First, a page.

The body knows how to heal itself. As I describe in Mind Over Medicine: Scientific Proof That You Can Heal Yourself, our bodies are beautifully equipped with natural self-repair mechanisms that fight cancer, prevent infection, repair wounds, protect us from infectious agents and foreign bodies, and even affect how our genes express themselves! But here’s what most people don’t know. These natural self-repair mechanisms get deactivated when your body is full of stress hormones like cortisol and epinephrine in “fight-or-flight” mode.
Makes sense. When your amygdala, the not-so-smart part of your brain that reacts to threats by tripping off the “fight-or-flight” stress response, signals the warning alarm, your body focuses all its attention on fighting and fleeing. Blood flow is shunted to your large muscle groups, your heart rate increases, your blood pressure goes up, and your body is on red alert. When your amygdala thinks you’re about to get eaten by a mountain lion, the body isn’t worried about preventive maintenance and the body’s self-repair operations halt until the threat is over.
But in modern day life, our warning alarms are ringing at least 50 times per day, flooding our bodies with cortisol and putting us at risk of illness. Your amygdala can’t tell the difference between a real threat to life and limb, like getting chased by a mountain lion, and a perceived threat, like fear of losing your job, worry that your loved one will leave you, or even anger that someone spilled red wine on your white carpet. (Are you at risk? Read here for 10 Signs That You Have WAYToo Much Cortisol).
The good news is that it’s easy to shift the body into the opposite of the stress response into the relaxation response, and when this happens, your cortisol levels drop and your body’s self-repair mechanisms get back to work doing what they do best - healing you. All of the following techniques have been scientifically proven to activate relaxation responses and return your self-repair mechanisms back to optimal operation.
[caption id="attachment_2066" align="aligncenter" width="300"] The audience of empowered patients and conscious health care providers in Munster, Indiana[/caption]
I was scheduled to speak in Munster, Indiana at 7pm in front of 300 cancer patients, their support people, and their health care providers. Mapquest said it would only take 48 minutes to drive from the North Shore of Chicago, but knowing Chicago traffic, I left at 2:30pm, thinking I'd avoid traffic, sit and work on my next book in a coffee shop with plenty of time to spare, and show up fully chillaxin’ in a relaxation response.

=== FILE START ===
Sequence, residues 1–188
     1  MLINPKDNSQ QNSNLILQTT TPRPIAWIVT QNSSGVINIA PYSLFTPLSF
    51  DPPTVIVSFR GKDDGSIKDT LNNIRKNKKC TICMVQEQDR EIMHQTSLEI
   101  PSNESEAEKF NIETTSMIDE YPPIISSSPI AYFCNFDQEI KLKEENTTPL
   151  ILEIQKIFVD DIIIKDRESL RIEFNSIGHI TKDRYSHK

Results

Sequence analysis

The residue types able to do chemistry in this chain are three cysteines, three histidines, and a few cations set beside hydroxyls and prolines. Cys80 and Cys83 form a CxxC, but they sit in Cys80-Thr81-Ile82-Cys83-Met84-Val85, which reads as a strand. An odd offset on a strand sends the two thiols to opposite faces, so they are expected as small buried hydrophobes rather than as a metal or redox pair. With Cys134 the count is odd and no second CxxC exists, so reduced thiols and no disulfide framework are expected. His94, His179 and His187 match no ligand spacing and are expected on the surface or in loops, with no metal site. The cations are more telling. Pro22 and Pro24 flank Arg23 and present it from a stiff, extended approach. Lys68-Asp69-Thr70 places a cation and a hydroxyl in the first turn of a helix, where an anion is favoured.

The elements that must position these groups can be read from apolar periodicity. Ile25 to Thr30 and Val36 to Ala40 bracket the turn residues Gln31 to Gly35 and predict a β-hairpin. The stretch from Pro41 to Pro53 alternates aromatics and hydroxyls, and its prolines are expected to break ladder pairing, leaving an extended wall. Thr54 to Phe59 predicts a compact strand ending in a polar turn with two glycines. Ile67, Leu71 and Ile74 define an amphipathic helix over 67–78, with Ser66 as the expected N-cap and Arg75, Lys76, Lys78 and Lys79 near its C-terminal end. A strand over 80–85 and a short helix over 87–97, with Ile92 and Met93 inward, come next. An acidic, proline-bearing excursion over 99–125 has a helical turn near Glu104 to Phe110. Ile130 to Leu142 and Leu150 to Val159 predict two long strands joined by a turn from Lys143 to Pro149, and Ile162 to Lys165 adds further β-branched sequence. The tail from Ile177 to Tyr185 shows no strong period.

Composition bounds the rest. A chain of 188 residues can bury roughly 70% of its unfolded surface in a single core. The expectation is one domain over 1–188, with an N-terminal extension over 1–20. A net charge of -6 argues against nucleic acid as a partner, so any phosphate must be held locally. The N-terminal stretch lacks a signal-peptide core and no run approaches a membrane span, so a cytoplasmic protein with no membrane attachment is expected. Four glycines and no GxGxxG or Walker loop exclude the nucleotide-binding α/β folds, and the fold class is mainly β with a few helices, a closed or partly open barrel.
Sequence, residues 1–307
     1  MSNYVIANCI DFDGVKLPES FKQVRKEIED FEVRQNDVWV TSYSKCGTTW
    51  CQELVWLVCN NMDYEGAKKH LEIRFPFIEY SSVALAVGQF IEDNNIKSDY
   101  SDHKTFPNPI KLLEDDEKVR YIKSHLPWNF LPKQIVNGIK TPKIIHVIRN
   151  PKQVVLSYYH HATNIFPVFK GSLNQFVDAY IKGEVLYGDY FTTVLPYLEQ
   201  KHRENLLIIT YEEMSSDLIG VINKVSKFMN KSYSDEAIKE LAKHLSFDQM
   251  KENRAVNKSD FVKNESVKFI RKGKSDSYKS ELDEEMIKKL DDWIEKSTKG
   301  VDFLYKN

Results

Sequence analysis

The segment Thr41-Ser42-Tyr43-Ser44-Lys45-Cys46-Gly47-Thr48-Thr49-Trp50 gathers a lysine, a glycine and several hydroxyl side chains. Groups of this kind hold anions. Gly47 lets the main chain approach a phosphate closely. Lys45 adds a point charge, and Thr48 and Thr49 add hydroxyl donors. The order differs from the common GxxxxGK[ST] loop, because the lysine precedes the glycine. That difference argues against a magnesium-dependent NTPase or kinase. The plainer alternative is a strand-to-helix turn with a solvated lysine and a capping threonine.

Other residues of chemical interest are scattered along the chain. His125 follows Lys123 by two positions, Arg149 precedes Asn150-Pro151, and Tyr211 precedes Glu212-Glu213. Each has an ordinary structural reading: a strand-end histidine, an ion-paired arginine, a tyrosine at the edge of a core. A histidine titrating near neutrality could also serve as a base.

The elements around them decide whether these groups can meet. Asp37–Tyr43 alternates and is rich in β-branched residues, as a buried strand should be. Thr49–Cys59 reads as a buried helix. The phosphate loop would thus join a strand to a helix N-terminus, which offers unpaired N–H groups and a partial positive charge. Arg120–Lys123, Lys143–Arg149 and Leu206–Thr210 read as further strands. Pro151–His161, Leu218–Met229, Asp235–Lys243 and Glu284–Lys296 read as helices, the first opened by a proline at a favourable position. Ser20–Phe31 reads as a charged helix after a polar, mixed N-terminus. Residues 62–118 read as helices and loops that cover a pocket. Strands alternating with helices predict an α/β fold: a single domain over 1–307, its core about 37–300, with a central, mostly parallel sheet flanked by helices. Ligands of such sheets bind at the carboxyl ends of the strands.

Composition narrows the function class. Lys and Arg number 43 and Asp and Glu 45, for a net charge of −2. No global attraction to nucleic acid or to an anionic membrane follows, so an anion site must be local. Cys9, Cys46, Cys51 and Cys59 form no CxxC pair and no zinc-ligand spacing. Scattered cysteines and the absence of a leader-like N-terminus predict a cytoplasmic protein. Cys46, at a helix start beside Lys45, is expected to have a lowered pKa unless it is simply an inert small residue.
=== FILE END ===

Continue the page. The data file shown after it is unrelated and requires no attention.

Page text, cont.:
Good thing I did.
I inched my way east in bumper to bumper traffic, past downtown Chicago into eastern Illinois, until finally - still with 2 hours to spare - the traffic speed picked up. I was cruising along at 60 mph, listening to Pandora on my iPhone, when suddenly something in the road jumped up and blew out the two driver’s side tires on the car I had just borrowed from my BFF from my Northwestern days.
So there I am, at 5pm, in a full on stress response. My amygdala is rightfully screaming “DANGER!” as I try not to careen into the car next to me or get crushed by the car behind me. Full of cortisol and epinephrine, I wrangle the big minivan into control and limp my way to the highway shoulder, where my whole body shakes from an overdose of adrenaline.
Knowing what I know about stress responses from all my research for Mind Over Medicine, I take a moment to assess myself. I know that stress responses only last 90 seconds if we don’t add more stress response-inducing stories to them. As soon as my amygdala realized I was safe, my stress response should have shut off. But then the stories start.
I watch myself in slow motion, like I am an observer, watching myself in a movie, realizing how we let one real, healthy life-endangering stress response spin into dozens of them. ("Oh no, I'm going to miss my speech and I’ll disappoint 300 people! Oh no, it's not even my car! Oh no, how much will it cost to fix this? Oh no, I don't even have my AAA card because it got stolen in Miami!") And so on...
We all know stress is bad for us, yet many of us wear it like a badge of honor. See if this sounds familiar:Dude: “OMG, I’m so stressed out! I’m working 14 hour days and haven’t used my vacation days for two years now, but hey - sometimes you just gotta keep your eye on the prize, right? Hey, you still seeing that guy?”Dudette: “Nah. We tried to make it work, but it was such a headache. Relationships are just too stressful. Plus, who has time for a relationship when you’re on a deadline and you’ve got the boss lady to impress?”
You know the drill.
Many of us are stress addicts. We claim to want inner peace, but if life gets too peaceful, we go seeking our next hit of our drugs of choice - cortisol and epinephrine. It’s almost as if being stressed makes us feel important, valuable, and useful. What we forget is that we’re already worthy souls deserving of love and a sense of worth, simply because we are all little sparks of divinity, shining our lights on the planet.
Why Should We Avoid Stress?
Our bodies know how to heal themselves. In my new book Mind Over Medicine: Scientific Proof That You Can Heal Yourself, I share boatloads of data about the placebo effect, which provides concrete proof that the body is equipped with natural self-repair mechanisms that are under the control of our brilliant minds.
Our bodies know how to fix broken proteins, kill cancer cells, retard aging, and fight infection. They even know how to heal ulcers, make skin lesions disappear and knit together broken bones!
But here’s the kicker - those natural self-repair mechanisms don’t work if you’re stressed! No wonder Dude and Dudette wind up sick or injured!